Making accessibility a priority in your home will help make equal access an expectation for your child. When you create an environment where they can access and enjoy appropriate items in your home, they will come to expect the same access in their science classroom. The great thing about the activities above is that creating access doesn’t have to mean spending a lot of money on special tools. You can help your child understand that some of the most simple solutions are extremely effective. They can take the same knowledge to their teachers and work through accessibility challenges in school. Although equal access to school materials is not the burden of you, the parent, or your child, you may be amazed at how your child will learn to advocate for what they need through these activities. They will also develop their own creative solutions and grow those critical-thinking muscles. 

Practicing and Using Nonvisual Skills 

Two students in NFB EQ smiling while working with balsa wood.Materials

  • Accessible measuring cups and spoons 
  • Basic cooking ingredients 
  • Basic household tools (scissors, pliers, screwdriver) 

*See the Resources information at the bottom of this document for some helpful links. 

Let’s Get Cooking! 

Getting your child involved in the kitchen is a great way for them to gain experience using nonvisual skills. Safe nonvisual cooking skills are actually extremely similar to those that would be used in a science lab. Furthermore, safe nonvisual cooking skills are not all that different from any other safe cooking skills. Encourage your child to practice measuring, pouring, organizing ingredients, using appliances, and using knives early and often. 

There are several simple nonvisual techniques you can work on with your child in the kitchen. Use accessible measuring cups with specific amounts, such as 1 cup or 3/4 cup, rather than a large measuring cup with printed measuring lines. Use tactile cues for measuring dry ingredients and liquids. Placing a fingertip at the surface of the measuring cup will help detect the level of the ingredients being measured. Can they tell when the measuring cups are full? Gently hovering a hand over a pot of hot water can help detect steam and listening carefully can indicate when the water is boiling. See the Resources section for a great Future Reflections magazine article, "Cooking Madness." The article details many ways to get your child involved in the kitchen and how to do it safely. 

Once your child is comfortable with the basics, try out some simple recipes. Following the steps in a recipe is a great way to practice following instructions, staying organized, and combining a variety of skills in one activity. This should sound familiar, the step-by-step process very closely mimics a procedure for a science experiment!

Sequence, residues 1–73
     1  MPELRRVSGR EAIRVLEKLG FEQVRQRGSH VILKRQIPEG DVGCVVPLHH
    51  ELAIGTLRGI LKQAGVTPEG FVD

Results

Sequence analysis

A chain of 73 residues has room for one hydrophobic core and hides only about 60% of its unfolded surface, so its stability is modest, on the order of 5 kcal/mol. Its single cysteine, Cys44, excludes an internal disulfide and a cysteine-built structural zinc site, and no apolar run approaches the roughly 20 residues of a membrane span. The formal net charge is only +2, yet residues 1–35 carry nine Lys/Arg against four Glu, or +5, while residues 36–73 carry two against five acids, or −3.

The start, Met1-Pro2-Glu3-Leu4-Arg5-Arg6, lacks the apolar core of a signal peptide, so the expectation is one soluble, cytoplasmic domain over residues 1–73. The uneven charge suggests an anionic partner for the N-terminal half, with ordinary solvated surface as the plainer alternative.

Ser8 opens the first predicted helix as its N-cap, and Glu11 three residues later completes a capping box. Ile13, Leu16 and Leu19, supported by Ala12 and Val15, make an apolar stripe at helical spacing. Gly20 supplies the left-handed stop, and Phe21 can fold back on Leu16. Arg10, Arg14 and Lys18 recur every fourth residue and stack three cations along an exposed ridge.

Small House Projects 

It’s time to grab that toolbox out of the garage! Go through it with your child, allowing them to handle each item and explore how it works. Don’t forget the drills and other power tools. Discuss the functions and uses of the tools. This might also be a great time to grab other household items like scissors, glue guns, and can openers if your child is not familiar with them. 

Remember to keep your child’s use of these tools safe and age appropriate. They can all be used effectively by blind individuals, with the proper instruction and skills in place. If you are unsure of how to safely teach your child how to use any of these tools, check out the NFB EQ Curriculum link in the Resources section at the bottom of this page. This document will have great tips and strategies on safe nonvisual methods of using everything from hot glue guns to saws. You can also reach out to other parents of blind children or your child’s teacher of blind students for support. 

Once your child seems comfortable with some basic tools, encourage them to help with small projects around the house such as repairing a broken chair leg, hanging a photo on the wall, or fixing a leaking pipe. While working on these projects, remember to explain what tools are available and how to determine which is appropriate for a certain task. Engage your child a in a tactile exploration of what needs to be repaired. Should they use a screwdriver or a hammer? Why? Not only will this increase their knowledge of tools, but it will also build on excellent critical-thinking skills. 

Engineering 101 and Introduction to Woodworking 

Check out these free lessons from the NFB EQ Curriculum. Any of the activities in these lessons are great ways for your child to practice nonvisual skills including measuring, cutting, gluing, using hardware tools, and more. 

Why It Matters 

Strong nonvisual skills can be the foundation of success for blind individuals. When a blind child realizes that they can complete the same task as their peers, regardless of the amount of vision they have, their confidence grows exponentially. As their parent, you can help your child ask “How can I do X?” rather than “Can I do X?”. The activities above begin to set the expectation that, with some alternative techniques, your child can participate equally in the same activities as their peers. This means having the expectation that your child can and should do household chores, help in the kitchen, and clean their own room. If they are expected to fully participate in the home, they will have the expectation that they should fully participate in school and everywhere else. They will advocate for themselves to use the Bunsen burner, because they know how to safely locate the flame with a gently hovering hand. They will volunteer to measure out the baking soda for the experiment, because they have learned how to accurately measure dry ingredients in your kitchen. 



Purchase Information

Learn more and purchase the Sensational BlackBoard from Sensational Books

Here are just a few places to purchase accessible devices, tools, Braille labeling supplies, and much more: 

Learn more about the Talking LabQuest at Independence Science